One of the other main reasons for our ongoing success is that we do not sell what we cannot support.

How are you addressing the skills shortage in the ICT industry?

A shortage of key skills is affecting business growth generally. There’s a widening mismatch between the skills of the workforce and the skills our country needs to achieve strong growth.

The Aptronics group is addressing that by helping to create a skilled workforce. We run an internship programme every year, in which we take some of our most promising employees and help them to develop additional skills.

We also have a great partnership with HP – we interview around 100 graduates that are employed by HP every year, and I select between 15 and 20 of them to work for us as interns. We enable them to grow their technical abilities by working in real-world scenarios and gaining hands-on experience.

At the end of that internship period, which is between one and two years, we employ the cream of the crop, and the others are sent out into the industry with their newly acquired work experience.

Describe your organisational structure?

Like most other aspects of the business, our structure is deceptively simple. I don’t have an office door and my staff are welcome to talk to me whenever they want.

An open door policy has several benefits: Accessibility gives you a better understanding of what is going on, including any difficult issues; an open flow of communication allows for discussions that often lead to important insights about the business; employees have quick access to information because they can come by whenever they need to; and we also have a culture of friendly openness as a result.

My employees know that I believe in them, which helps to build closer relationships and enhances loyalty to the business. The structure is flat, with department managers reporting directly to me. One of the benefits is that we have no politics in the organisation.

Because of my past experience of working for a company that was liquidated, we have very strict financial controls and governance mechanisms in place. The people appointed to do these jobs are experts in their field and I do not dictate to them how they should perform their tasks.

I make recommendations, but the managers are empowered and I trust them to do what is in the best interests of the business.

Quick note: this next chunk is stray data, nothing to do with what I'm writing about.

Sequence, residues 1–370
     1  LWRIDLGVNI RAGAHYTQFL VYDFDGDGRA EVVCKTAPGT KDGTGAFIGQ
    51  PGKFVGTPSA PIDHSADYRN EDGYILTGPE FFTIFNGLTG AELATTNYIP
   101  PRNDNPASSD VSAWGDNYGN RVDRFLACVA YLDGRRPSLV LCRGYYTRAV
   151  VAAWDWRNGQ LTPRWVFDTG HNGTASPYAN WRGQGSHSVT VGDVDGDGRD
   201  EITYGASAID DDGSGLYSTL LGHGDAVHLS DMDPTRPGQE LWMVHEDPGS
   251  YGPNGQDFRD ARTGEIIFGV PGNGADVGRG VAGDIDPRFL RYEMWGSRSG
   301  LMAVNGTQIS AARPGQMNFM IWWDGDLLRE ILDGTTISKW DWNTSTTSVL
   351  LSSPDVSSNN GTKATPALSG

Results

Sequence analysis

How has your management style contributed to Aptronics’ success?

I have a hands-on approach, but I don’t believe in micro managing. Every individual in the group is allowed to do their job in the way that is most comfortable for them.

The managers I employ are adept at executing the company’s vision in a systematic way and directing employees on how to do so. They can see all of the intricate moving parts and understand how to make them harmonise.

Now that you have exceeded the half a billion mark, what’s next?

The industry is changing, and it’s all about added value now. To chase the one billion mark, we are separating the group companies and allowing them to focus more strongly on their core markets and strengthen their operations so that each one can contribute more efficiently to the group as a whole. It makes the individual pieces more appetising.


1. Keep your business simple

Do not make the mistake that many entrepreneurs do, of taking on too much. Before too long they are overwhelmed by how many projects they have going at once. Instead of having ten business ideas on the go, take one and run with it until you have a valuable product or service offering. Remember that entrepreneurs who really make it big focus on one project at a time. Mark Zuckerberg wasn’t creating Facebook and something else. Try to do too much, and something is bound to fall through the cracks.

2. Build your culture around service?

Everyone talks about customer service, but you need to make it a reality — the DNA of your business. Amazon is one company that is tops for its customer service. Founder Jeff Bezos is passionate about customers and has been known to have an empty chair in boardroom meetings, which serves as a powerful reminder of who the real boss is.?He believes that understanding how your customers view, use, and talk about your products and services is vital.

3. Tackle the skills shortage head-on

The right level of skills, competencies and abilities allow businesses to compete globally and sustain economic power. Confront the current skills shortage by developing skills internally, and even upskilling and preparing workers to find employment elsewhere. By investing in staff training you’re ensuring that your team is equipped and able to cope with the demands of the business and skilled to provide solutions for clients.

Source: Advice, insight, profiles and guides for established and aspiring entrepreneurs worldwide. Visit our web-site at: https://www.entrepreneur.com/sa.